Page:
Bulgaria to Follow Romanian Example in Fighting Corruption – Deputy PM
Bulgaria's Deputy Prime Minister Meglena Kuneva announced that the country should follow Romania's example if it wants to tackle corruption successfully.
Kuneva said this after meeting Romania's Chief Prosecutor of the National Anticorruption Directorate Laura Kovesi and the President of the National Integrity Agency Horia Georgescu, private bTV station reports.
The Deputy PM stated that Bulgaria had opportunities to establish identical structures with similar powers in order to tackle corruption.
Kuneva added that it was obvious that the Cooperation and Verification Mechanism (CVM) was yielding success in Romania and Bulgaria could make use of its neighbour's good practices.
She pointed that the structures, which will be tasked with fighting high-level corruption, have to be independent and not be subjected to political pressure.
In her words, the administrative capacity and the investigation of signals for malpractices and the unexplainable enrichment of civil servants, were other key steps towards fighting corruption.
Romania's National Anticorruption Directorate is the body that functions as a specialised prosecution in the fight against corruption, while the National Integrity Agency monitors the material wealth of civil servants, accumulates signals and defines the span of corruption risk.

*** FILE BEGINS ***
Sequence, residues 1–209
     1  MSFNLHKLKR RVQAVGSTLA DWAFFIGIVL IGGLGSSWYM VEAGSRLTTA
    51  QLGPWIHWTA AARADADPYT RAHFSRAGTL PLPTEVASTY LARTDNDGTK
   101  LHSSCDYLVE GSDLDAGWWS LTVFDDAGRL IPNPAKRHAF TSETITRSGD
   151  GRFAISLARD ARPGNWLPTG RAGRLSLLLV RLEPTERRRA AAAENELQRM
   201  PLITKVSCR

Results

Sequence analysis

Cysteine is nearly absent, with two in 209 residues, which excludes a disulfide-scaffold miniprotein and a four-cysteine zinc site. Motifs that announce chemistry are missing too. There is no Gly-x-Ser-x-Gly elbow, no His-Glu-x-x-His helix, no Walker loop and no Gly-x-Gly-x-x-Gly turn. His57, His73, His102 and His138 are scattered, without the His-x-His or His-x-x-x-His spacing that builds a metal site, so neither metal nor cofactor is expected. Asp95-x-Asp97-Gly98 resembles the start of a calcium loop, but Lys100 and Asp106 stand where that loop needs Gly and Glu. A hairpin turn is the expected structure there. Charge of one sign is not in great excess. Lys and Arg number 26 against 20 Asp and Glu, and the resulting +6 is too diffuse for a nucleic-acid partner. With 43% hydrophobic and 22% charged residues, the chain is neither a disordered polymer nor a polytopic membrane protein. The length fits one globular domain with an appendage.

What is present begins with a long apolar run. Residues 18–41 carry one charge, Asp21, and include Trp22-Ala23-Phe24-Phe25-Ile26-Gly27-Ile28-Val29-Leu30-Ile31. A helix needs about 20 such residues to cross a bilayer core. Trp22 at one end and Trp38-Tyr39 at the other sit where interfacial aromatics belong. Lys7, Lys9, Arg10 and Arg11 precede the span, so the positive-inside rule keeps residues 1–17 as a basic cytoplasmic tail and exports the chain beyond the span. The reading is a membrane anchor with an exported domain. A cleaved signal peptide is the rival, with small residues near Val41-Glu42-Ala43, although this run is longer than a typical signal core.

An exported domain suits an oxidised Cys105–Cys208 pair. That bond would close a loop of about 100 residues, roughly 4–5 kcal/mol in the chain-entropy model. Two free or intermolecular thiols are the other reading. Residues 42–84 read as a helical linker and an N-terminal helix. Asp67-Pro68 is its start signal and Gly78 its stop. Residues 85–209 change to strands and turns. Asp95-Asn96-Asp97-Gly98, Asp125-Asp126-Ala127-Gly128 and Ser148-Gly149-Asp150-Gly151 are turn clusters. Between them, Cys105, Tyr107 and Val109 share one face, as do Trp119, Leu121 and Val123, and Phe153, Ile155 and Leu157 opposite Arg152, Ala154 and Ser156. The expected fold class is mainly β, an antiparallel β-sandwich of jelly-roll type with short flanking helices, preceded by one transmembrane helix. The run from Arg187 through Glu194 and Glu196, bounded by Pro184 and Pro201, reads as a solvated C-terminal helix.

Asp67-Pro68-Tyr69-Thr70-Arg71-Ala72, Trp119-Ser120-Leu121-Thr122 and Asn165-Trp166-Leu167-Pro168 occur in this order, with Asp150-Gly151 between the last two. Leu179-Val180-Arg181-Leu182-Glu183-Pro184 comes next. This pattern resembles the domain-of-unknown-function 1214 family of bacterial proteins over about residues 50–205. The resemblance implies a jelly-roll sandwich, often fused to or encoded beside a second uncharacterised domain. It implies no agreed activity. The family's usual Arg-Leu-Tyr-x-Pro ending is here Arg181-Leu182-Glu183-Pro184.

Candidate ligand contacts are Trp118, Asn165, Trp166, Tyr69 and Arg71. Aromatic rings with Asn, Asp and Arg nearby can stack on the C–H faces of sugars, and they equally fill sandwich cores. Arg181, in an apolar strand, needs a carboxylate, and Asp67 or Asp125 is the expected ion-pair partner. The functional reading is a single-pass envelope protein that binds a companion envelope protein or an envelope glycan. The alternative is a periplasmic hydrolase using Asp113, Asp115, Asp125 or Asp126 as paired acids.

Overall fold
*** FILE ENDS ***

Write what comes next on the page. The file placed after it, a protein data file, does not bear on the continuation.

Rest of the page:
During their talks with Kuneva, Kovesi and Georgescu presented a detailed information on the functioning and the powers of their respective structures.
It was pointed out that the two structures function with the help of a few well-prepared cadres and support from the European Commission (EC), World Bank and the Organisation for Economic Co-operation and Development (OECD).
The bilateral meetings on learning and application of the Romanian experience in fighting corruption through the two specialised bodies continue next week with the visit of Justice Minister Hristo Ivanov.
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"She pointed that the structures, which will be tasked with fighting high-level corruption, have to be independent and not be subjected to political pressure."
Is someone, at last, getting the picture? The only thing that has stopped all previous attempts are people with vested interests and the power to block any move against them. This will be true also of this attempt so those honest enough to really care should be vigilant.
BG already has these institutions - the Kushlev Commission - but as usual its merely a front to try and show that the country is trying. No-one believes this any more. Romania has I think two former prime ministers in jail. That's probably a high target - let's aim for one former minister from the last 20 years. Surely there must be one? We had a minister of defence being caught on tape red handed taking a bribe along with the general secretary of the ministry of finance. And what happened? An apology to the good man and some compensation.